Permarexia: Symptoms, Causes and Treatments

The  permarexia  is the obsession with counting calories of all foods you eat. Those who suffer from this disorder often deprive themselves of certain groups of food for a long time, which can have disastrous consequences for health.

People with permarexia are always on a diet and are very concerned about the idea of ​​gaining weight, so much so that the habit of counting calories becomes  obsession.

Characteristics of people with permarexia

  • They have low self-esteem. The lack of security in itself, in its virtues, makes the person give too much importance to the physical aspect.

  • They demand too much. If you have permarexia, the idea of ​​looking like an ideal body stereotype would make you feel better, but this is often difficult to  achieve. You set impossible goals and therefore, you get frustrated permanently.

  • Passivity, helplessness . Everyday problems are avoided, keeping for himself what he thinks or feels. When a discussion or misunderstanding arises, people  with permarexia think that this happens because they do not like him or do not appreciate him.

  • Their social relationships are unstable, it is difficult for them to socialize . They avoid going to parties or meetings because there will surely be high-calorie foods. They blame the organizer for not choosing a menu with fewer  calories; This makes him feel very bad tempered, his answers are aggressive.

  • They have emotional problems. Many times they are people with anxiety disorders, depression or other alterations.

  • They are not satisfied with your body . A person with permarexia fears not liking or not falling well, due to his physique, even if he is not even overweight.

  • They hardly recognize that they have a disorder. They believe that their concern has to do only with maintaining good nutrition and a healthy weight.

  • They follow all types of diets. They are always trying a different regime, the one that is in fashion.

There is a big difference between eating healthy and exercising, and obsessing about following a diet, avoiding certain types of foods or  counting calories, although sometimes it can be difficult to distinguish one situation from another.

Permarexia

Permarexia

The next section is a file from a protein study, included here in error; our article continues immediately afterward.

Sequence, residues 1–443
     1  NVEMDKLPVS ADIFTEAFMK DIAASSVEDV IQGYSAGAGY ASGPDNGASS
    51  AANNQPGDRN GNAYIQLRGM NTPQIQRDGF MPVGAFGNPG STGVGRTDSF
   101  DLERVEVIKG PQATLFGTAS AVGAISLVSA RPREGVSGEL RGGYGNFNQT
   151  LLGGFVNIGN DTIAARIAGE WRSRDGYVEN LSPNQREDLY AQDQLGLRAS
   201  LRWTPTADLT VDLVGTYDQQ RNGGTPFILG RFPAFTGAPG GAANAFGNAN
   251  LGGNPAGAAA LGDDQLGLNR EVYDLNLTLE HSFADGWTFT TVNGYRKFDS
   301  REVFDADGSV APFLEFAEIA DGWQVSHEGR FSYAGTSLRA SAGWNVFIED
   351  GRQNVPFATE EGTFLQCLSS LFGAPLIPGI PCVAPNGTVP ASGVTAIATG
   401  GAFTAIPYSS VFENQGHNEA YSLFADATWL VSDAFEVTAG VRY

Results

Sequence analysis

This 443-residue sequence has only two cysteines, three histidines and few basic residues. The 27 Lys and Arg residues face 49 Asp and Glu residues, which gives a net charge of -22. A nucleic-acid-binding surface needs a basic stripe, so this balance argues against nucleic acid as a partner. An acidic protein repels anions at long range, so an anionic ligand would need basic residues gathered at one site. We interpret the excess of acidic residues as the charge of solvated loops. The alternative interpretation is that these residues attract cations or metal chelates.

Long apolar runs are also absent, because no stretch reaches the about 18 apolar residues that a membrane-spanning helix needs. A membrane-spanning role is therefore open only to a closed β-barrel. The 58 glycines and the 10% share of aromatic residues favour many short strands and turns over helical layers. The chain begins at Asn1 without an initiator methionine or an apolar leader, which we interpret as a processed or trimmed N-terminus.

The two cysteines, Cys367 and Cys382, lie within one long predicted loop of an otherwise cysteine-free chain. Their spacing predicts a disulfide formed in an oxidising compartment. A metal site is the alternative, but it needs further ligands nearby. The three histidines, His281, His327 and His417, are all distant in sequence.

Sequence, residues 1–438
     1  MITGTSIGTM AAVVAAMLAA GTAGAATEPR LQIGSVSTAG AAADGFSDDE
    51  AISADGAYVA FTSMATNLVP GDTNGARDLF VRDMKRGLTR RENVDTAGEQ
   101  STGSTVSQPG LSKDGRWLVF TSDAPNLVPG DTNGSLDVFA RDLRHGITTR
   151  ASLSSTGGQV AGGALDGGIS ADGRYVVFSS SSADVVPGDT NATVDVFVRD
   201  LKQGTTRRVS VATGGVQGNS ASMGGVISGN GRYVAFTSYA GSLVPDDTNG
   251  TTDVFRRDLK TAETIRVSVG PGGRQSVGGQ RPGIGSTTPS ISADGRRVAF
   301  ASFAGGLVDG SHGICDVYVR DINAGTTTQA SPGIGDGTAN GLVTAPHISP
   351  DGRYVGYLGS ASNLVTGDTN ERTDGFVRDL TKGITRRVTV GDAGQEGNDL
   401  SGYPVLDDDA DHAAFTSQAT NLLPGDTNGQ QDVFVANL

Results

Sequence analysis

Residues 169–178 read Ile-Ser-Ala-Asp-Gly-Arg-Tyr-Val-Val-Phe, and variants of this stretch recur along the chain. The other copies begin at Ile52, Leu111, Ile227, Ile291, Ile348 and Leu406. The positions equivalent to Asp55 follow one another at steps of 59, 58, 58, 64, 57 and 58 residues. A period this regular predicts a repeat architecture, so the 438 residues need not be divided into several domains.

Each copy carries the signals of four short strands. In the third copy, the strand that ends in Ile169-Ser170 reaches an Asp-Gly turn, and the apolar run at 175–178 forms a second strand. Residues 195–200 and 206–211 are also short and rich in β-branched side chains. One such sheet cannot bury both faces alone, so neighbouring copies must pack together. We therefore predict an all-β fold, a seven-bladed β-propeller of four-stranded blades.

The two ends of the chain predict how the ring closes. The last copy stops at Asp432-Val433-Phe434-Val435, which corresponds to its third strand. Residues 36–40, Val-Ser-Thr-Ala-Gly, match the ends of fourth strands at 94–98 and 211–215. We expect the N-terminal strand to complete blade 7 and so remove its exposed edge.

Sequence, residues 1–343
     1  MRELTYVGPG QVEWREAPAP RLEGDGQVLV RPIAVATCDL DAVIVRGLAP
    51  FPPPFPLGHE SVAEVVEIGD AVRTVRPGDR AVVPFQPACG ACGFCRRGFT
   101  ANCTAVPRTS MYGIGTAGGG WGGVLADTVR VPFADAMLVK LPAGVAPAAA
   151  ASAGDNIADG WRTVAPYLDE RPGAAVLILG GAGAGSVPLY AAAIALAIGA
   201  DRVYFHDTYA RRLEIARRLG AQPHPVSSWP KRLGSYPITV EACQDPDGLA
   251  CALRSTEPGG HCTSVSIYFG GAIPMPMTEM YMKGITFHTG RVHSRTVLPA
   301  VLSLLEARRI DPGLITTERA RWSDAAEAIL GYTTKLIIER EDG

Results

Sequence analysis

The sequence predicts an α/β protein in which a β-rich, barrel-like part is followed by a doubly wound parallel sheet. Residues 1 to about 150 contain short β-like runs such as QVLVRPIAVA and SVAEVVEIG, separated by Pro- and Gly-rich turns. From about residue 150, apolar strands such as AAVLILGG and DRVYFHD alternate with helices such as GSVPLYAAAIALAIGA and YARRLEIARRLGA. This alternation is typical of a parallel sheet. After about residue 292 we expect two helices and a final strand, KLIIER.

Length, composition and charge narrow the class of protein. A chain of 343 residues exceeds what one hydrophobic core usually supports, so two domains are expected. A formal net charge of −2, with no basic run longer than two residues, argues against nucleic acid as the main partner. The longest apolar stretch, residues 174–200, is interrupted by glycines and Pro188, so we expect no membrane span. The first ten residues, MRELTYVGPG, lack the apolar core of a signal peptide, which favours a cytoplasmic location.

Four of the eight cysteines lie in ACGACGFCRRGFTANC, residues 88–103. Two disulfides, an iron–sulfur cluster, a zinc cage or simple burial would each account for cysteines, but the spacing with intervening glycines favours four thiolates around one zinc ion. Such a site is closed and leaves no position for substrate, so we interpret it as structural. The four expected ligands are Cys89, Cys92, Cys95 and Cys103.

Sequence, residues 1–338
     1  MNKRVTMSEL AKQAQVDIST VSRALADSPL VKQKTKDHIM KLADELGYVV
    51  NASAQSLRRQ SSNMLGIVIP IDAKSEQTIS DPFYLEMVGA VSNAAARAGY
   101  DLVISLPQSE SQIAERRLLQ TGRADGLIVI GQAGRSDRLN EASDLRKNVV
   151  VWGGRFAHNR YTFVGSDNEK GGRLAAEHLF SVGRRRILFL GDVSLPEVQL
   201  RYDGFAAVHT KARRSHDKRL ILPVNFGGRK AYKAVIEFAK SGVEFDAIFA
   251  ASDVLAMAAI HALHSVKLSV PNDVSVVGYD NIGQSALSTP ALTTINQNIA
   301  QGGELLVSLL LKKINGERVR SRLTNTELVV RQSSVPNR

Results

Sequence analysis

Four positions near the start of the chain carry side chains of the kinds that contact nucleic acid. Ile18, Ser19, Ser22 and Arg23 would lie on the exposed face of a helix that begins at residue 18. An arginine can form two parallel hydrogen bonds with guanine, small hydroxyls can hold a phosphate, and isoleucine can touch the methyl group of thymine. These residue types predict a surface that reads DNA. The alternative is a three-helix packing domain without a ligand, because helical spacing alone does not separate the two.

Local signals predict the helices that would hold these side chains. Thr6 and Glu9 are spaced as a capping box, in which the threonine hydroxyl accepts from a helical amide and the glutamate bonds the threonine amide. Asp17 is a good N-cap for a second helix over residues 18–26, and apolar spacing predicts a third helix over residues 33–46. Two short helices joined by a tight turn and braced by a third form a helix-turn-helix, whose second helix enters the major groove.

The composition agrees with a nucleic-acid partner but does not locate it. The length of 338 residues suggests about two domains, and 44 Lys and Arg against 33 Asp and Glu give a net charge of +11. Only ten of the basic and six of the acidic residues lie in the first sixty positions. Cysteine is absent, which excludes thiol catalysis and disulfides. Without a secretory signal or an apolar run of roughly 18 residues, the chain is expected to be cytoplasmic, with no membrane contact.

Other symptoms that indicate that something is not right, are the following:

  • Irritability, discontent

  • Social isolation.

  • Apathy.

  • Low school or work performance.

  • Anger.

  • Talk about food and diet all the time.

  • Know exactly the amount of calories of all foods.

  • Eat very little in general, or eat large amounts of food from time to time.

If you have these symptoms or see them in someone close to you, then it may be permarexia.

Consequences of permarexia

Possibly the most worrisome of this disorder is that usually, who has it is not aware of it.

He believes that he simply cares about having healthy eating habits, when in fact the obsession with counting the calories may be having  negative consequences on his health.

The fact of undergoing different diets causes frequent changes in body weight, without any control, which can sometimes cause  a rebound effect.

In the medium and long term, this permanent variation in weight is capable of altering the functioning of the thyroid gland (which is essential in the  regulation of metabolism).

If you have permarexia, you can also suffer episodes of hypoglycemia (low blood sugar levels), which causes dizziness, blurred vision, dizziness and  in severe cases, loss of consciousness.

People with this eating disorder may also have constipation, gastric ulcers or nutritional deficiencies from the chronic deprivation of a  certain food group.

Finally, if you suffer permarexia you are more likely to develop other eating disorders, such as bulimia or anorexia, whose consequences  can lead to death.

Therefore, if you know someone or if you yourself are permanently following some type of highly restrictive diet, if you are concerned about the  appearance of your body or if you are looking to look like a celebrity, then it is best to consult a psychologist and a nutritionist, to be able to get out  of this problem.

Is permarexia a recognized disorder?

As you will have read at the beginning of this article, permarexia is a term that has not yet been accepted by the medical community.

However, this does not mean that the disorder does not exist. Permarexia, as well as other eating disorders, are grouped in what  health institutions call “unspecified eating disorders”.

In general, people who suffer from these types of disorders follow a strict diet, often also exercise a lot and have a poor image  of themselves.

Studies indicate that one in 20 people suffer from this type of eating disorders, which are certainly not as well known as bulimia or  anorexia, but which can be very dangerous anyway.

It is important to keep in mind that in eating disorders not everything is “white” or “black”, but there are also “gray” areas. While a person  may not present all the symptoms and signs of a known eating disorder, this does not mean that they do not have any disorder.

Moreover, most people with pathological changes in their diet are diagnosed with “unspecified eating disorder”. The  prevalence of this type of disorder is really worrisome.

Research shows that in the population of women aged 25 to 45 years, with no history of anorexia, approximately 30% say they have “purged” their  body to lose weight or to lose weight, vomiting or using laxatives.

In addition, an alarming 75% of these women stated that concerns related to their weight and body shape interfered in some way with 
their happiness.

Among adolescents and young male adults, 18% said they felt “extremely worried” about what their physique would be and their weight in adulthood.